As I said, I was hooked.  My high school self was on the verge of breakdown due to the stasis and apathy that was high school in suburbia, and the radical ideas of Ishmael were precisely the spark I needed to not lose hope.  Through the internet meandering that was still somewhat new in the early ’00s I discovered IshCon, an online community for discussing the ideas in Quinn’s novels and, most importantly, bringing people together for an annual conference in Richmond, Indiana.  Susan, my partner in activism and quirkiness through all the craziness of high school, and I borrowed my parents’ Civic and headed five hours East to join the conference.

Susan and I were the youngest participants by at least a couple of years, which allowed us to soak in the ideas and conversation rather than need to organize/participate/advocate as we so often had to as two of the very few activists at our 3,500 student high school.  And soak in we did.  We witnessed a remarkable coming together of two very disparate perspectives on the philosophies in Ishmael, an experience that I believe has shaped my love for connection between people and ideas ever since.  At least as far as the participants of the conference were concerned, Quinn’s ideas prompted two responses (that I am now going to oversimplify, so I hope the individuals that held these views will forgive me):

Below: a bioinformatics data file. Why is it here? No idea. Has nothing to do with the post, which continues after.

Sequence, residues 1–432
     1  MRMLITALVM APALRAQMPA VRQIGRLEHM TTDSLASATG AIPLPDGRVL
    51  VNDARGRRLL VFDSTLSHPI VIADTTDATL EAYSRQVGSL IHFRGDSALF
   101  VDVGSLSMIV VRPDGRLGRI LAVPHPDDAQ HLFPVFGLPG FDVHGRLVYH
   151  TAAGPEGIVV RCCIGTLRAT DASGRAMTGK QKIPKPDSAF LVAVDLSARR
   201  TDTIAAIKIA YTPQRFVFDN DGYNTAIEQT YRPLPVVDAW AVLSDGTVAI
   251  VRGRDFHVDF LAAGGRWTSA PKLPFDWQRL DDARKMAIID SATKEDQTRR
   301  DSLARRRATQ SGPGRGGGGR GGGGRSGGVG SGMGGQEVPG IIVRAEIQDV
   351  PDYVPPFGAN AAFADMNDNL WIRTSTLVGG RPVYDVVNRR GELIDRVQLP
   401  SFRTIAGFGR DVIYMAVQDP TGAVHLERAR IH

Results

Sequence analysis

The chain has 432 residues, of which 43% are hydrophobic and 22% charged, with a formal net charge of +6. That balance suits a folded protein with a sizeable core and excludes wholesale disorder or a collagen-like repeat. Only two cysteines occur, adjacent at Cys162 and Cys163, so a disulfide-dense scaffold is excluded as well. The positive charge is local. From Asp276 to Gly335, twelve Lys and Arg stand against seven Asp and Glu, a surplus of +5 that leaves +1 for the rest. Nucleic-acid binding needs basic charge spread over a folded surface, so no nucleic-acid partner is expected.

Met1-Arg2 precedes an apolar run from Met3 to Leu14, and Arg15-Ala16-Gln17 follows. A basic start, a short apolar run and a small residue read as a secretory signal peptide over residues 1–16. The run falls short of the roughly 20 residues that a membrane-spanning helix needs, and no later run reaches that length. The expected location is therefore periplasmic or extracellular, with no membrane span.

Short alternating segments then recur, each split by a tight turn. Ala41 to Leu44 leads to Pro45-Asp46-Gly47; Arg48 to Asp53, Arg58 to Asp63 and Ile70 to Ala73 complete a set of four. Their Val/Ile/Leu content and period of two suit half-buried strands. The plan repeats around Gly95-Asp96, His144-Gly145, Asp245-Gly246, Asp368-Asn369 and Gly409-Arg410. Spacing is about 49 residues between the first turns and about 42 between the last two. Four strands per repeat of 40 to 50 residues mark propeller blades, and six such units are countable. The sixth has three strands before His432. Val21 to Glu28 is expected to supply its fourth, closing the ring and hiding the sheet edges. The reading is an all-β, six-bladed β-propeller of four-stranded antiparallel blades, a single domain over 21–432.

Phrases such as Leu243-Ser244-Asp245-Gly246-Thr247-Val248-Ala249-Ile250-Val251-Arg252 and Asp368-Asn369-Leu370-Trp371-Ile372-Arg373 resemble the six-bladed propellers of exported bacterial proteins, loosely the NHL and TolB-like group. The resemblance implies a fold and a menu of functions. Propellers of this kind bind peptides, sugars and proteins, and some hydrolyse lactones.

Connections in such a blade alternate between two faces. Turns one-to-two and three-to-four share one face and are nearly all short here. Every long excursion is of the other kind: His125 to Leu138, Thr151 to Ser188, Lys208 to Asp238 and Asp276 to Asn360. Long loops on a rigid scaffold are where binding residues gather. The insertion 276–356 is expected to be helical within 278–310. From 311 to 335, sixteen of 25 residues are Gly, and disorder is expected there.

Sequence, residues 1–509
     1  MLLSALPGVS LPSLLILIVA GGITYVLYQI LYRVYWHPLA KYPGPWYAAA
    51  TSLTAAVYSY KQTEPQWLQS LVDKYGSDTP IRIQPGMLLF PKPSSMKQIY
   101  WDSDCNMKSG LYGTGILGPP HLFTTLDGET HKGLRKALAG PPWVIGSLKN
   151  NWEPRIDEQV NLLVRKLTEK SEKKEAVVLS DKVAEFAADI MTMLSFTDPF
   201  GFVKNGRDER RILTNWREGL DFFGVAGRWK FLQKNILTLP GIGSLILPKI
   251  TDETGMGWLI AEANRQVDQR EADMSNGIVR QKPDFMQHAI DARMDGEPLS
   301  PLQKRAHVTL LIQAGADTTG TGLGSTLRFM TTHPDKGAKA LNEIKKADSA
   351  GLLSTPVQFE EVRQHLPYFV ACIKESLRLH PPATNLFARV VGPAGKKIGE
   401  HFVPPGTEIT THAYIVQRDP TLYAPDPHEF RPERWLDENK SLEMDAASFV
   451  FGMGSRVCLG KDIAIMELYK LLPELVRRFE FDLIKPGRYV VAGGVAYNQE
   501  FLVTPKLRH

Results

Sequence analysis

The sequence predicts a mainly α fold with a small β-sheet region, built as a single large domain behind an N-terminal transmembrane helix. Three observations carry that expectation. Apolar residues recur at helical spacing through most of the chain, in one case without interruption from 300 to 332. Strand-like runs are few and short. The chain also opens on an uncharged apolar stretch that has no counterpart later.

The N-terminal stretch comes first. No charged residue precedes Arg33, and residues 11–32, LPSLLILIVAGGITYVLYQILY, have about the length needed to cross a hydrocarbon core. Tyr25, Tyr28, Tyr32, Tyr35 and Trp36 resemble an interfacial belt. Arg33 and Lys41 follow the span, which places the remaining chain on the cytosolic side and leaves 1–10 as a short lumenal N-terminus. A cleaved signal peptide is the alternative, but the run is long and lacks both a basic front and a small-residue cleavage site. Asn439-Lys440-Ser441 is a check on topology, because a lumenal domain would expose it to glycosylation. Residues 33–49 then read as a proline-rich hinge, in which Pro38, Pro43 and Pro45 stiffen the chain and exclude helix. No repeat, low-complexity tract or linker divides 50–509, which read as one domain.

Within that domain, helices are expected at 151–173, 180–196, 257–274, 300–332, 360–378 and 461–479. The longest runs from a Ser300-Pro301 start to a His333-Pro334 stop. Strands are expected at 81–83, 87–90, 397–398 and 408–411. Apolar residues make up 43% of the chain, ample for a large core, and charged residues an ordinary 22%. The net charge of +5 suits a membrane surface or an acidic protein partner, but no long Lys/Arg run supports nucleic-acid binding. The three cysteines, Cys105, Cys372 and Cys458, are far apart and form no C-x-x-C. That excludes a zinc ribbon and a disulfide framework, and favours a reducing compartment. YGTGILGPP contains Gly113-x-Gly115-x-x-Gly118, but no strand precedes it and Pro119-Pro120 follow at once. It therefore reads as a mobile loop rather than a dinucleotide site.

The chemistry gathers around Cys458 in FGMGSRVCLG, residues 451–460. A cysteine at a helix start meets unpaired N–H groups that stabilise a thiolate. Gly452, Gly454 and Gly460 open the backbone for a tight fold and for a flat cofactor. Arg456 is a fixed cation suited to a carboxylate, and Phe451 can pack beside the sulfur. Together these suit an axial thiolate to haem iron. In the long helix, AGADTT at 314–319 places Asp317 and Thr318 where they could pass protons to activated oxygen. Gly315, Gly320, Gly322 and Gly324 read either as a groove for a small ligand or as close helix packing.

• relearn survival skills because collapse of civilization is immanent, or
  • find a way to creatively convince the world that a dramatic societal change is essential to continued survival, because if we can teach people we just might save ourselves

These two camps had argued vigorously on the IshCon forums up until the conference, futilely attempting to convince each other that their perspective was the only one.  Within the physical space of the conference, however, and the multitude of skill shares and presentations both formal and informal, the two perspectives realized they needed each other because THE FUTURE IS UNKNOWN.  The survivalist group needed the creative teaching group to provide for them while society still existed, and the creative teaching group needed the survivalist group to, well, help them survive if collapse did indeed come to pass.  Though Susan and I were not deep enough into the culture of IshCon to personally feel this epiphany, witnessing it was enough to dramatically affect my major, activism, and vocational choices for the foreseeable future.

College sustainability to come in Part II, including my evolution into a retreat and conference junkie!

Live Blogging at the Design with Nature Conference- Aldo Leopold and the Return of a Life Thread

Aldo Leopold was actually my initial reason for registering for this conference, so I’m glad we’ve finally arrived at the speaker focusing on his work.